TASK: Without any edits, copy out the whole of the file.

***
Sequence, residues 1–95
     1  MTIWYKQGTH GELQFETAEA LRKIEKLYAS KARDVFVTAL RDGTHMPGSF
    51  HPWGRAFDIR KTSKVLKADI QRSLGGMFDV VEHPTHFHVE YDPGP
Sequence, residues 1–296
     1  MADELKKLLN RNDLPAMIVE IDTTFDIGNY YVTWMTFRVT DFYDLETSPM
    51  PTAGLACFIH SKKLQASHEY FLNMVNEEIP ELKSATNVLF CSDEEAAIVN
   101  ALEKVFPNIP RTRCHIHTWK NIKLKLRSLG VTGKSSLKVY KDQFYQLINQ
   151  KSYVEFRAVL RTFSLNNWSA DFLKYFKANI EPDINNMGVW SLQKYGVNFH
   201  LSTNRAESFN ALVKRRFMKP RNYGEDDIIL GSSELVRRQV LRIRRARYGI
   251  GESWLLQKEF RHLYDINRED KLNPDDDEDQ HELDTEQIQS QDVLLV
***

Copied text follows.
Sequence, residues 1–95
     1  MTIWYKQGTH GELQFETAEA LRKIEKLYAS KARDVFVTAL RDGTHMPGSF
    51  HPWGRAFDIR KTSKVLKADI QRSLGGMFDV VEHPTHFHVE YDPGP
Sequence, residues 1–296
     1  MADELKKLLN RNDLPAMIVE IDTTFDIGNY YVTWMTFRVT DFYDLETSPM
    51  PTAGLACFIH SKKLQASHEY FLNMVNEEIP ELKSATNVLF CSDEEAAIVN
   101  ALEKVFPNIP RTRCHIHTWK NIKLKLRSLG VTGKSSLKVY KDQFYQLINQ
   151  KSYVEFRAVL RTFSLNNWSA DFLKYFKANI EPDINNMGVW SLQKYGVNFH
   201  LSTNRAESFN ALVKRRFMKP RNYGEDDIIL GSSELVRRQV LRIRRARYGI
   251  GESWLLQKEF RHLYDINRED KLNPDDDEDQ HELDTEQIQS QDVLLV